Finally.  A question I could get on board with:  “Mammy will you tell me about school?”  You have no idea how glad I was to hear this.  Our second son will be starting Big School in a matter of weeks and I am a little apprehensive to say the least.  I do not let him sense this although some say he will feel my tension regardless.  Every time I see a magazine displaying the tag line “First Day at School – How to Make it Easier,” I swipe it up utterly convinced that this time I am going to read something of worth, that there will be a nugget of information within that I haven’t read before or thought of myself.  But it is yet another advice piece that doesn’t deliver.  More common sense wrapped up as advice about leaving out the child’s uniform the night before, getting everyone up a little bit early so there is no mad rush out the door at the last minute and giving your child a nice piece of fruit to ease them into their new experience.  Come on!  I want information on how to deal with the child who makes like an ostrich and sticks his head firmly in the sand and blocks out the New Experience. I want counsel on how to discreetly and politely intercept people before they ask him “are you looking forward to big school?” when I know the thumb being shoved into his mouth is not only his way of self-soothing but it is also a stopper; his method of holding everything in.  I can tell by the scowl that knits his eyebrows together and how his eyes search for something to stare at on the ground.  Anything other than respond to the question or even face up to this new and scary stage in his life.  The unknown.   How do you prepare a child for going from just 10 people in his class to 30 and he won’t know any of them?  What about the playground?  There will be no swings and slides in this one.  How do I tell him that and watch him deal with the disappointment of it?  I know he’s stressed about Big School.  He hasn’t said as much but subconsciously he is fretting about it.  God only knows what’s going through his head.  I’d love to get in there at times like this.  His older brother was helpfully telling him about the adventures on the school bus and the newbie built it up, exaggerated it into something completely different involving someone stealing his schoolbag and refusing to give it back.  He broke down in tears earlier on this summer when the penny dropped and he realised he was not going back to Montessori.  Despite me telling him this several times before he finished up.    I’ve done everything the useless magazine article suggested.  He’s been to his open afternoon.  He has not one but two school bags to choose from.  He also selected his own “easy open” lunch box.  He’s aware that his new school books will be arriving any day now and he will get a chance to look at them. Then we will try on his uniform and get him his very much coveted new runners and boring old black shoes.  But we would do all of this anyway, without being helpfully advised by an article.  I want my money back!  I see so much of me in him sometimes.  I am very attached to my own comfort zones.  I am not a big fan of taking a risk.  I like to know what to expect going into a new situation be it social or a working one.  Iarla likes his own space as do I.  I’ve often done a quick head count when we are in the park or another busy environment and there he is, in the thick of it with the others.  But seconds later he could disappear.  Gone off by himself to play in the dirt or if we’re at home, come into the house just to curl up on a chair, and suck his thumb.  Taking some time out to regroup and escape from the hubbub.  It’s almost a form of sensory over load and when it becomes too much for him, he removes himself from the situation.  He won’t be able to do that in Big School.   He’s a sensitive soul and can take even the most innocent remark to heart.  I am dreading the inevitable day he comes home in the horrors because a class mate or even his teacher, commented on his thumb sucking.  He will be embarrassed and retire into himself.  He does not like it when people draw attention to him.    So I was thrilled when he asked me to tell him a story about school.   This was the perfect opportunity to describe everything to him. Big brother was present and all set to offer his two pence worth.  When I stopped him he insisted he had something of great importance to impart, something I neglected to tell him on his big day.  This was, to wait until your teacher tells you it is time to eat and don’t just start eating your lunch yourself.  His lower lip began to quiver as he told me Reuben had to tell him to put his banana away; it wasn’t time to eat yet.  “Because you never told me that, Mammy.”   See how they remember even the tiniest little thing?  So magazine editors the country over who are looking for Ways to Ease Them into Big School, tell your readers to Talk to Them about It.  Don’t assume they know what to expect even if they have spent the last four and a half years in Montessori.  Make sure they know where the bathroom is.  What happens if there are three Spiderman bags?  Maybe stick a key-ring on his bag.  What about their gorgeous new coat and shoes with the lovely laces?  It’s not a bad idea that they are able to manage their coat and maybe stick to the Velcro-ed shoes until they master the art of lace tying.  Yogurts?  I can still remember spilling the contents of mine all over my lovely muck brown trousers in Junior Infants.  I was left sitting in it all day and felt awful.  What if they are too shy to approach the strange lady they will come to call Teacher if they can’t open their brand new cartoon character emblazoned lunch box? I think one of the most important ones is to tell them that you will be back to collect them.  And make sure you are not late.  There are lots of different ways to help ease them into their new environment and very hard to remember it all.  Like reminding your child they need to wait until teacher tells them it is break time before they tuck into the contents of their new lunch box.  Oops!  Every child is different.  Our oldest boy had nary a problem or worry about his place of education and indeed has gone on to make a very wide and varied circle of friends. Looking back, I had similar concerns when he started.  He will be fine, I know he will.  I hoped back then, and still do, that if there is any upset, it will be in the early days and not after the first mid-term break.    We just, both of us, need to get over the first hurdle together.  Like every other event I was apprehensive about, I found the reality of it easier than the perception and with a little dollop of luck, Big School for our second son, won’t be any different.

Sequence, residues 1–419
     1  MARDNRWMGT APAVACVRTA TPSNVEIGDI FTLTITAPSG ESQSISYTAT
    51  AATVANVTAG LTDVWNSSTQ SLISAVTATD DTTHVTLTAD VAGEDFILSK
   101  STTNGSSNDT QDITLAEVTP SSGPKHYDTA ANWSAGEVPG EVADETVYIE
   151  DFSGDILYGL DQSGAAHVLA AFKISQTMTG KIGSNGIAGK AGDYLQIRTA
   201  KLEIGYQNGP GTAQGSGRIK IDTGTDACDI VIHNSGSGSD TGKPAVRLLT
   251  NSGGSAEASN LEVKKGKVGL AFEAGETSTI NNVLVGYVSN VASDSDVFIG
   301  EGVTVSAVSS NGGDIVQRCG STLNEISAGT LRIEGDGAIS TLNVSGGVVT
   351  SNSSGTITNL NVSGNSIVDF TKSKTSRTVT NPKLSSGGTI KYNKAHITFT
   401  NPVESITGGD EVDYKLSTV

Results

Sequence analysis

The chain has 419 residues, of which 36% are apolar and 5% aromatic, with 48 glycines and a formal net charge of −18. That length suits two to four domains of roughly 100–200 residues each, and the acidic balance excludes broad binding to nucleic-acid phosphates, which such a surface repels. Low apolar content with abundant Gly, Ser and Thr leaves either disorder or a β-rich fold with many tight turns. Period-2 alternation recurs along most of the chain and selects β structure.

Wednesday 8 August 2012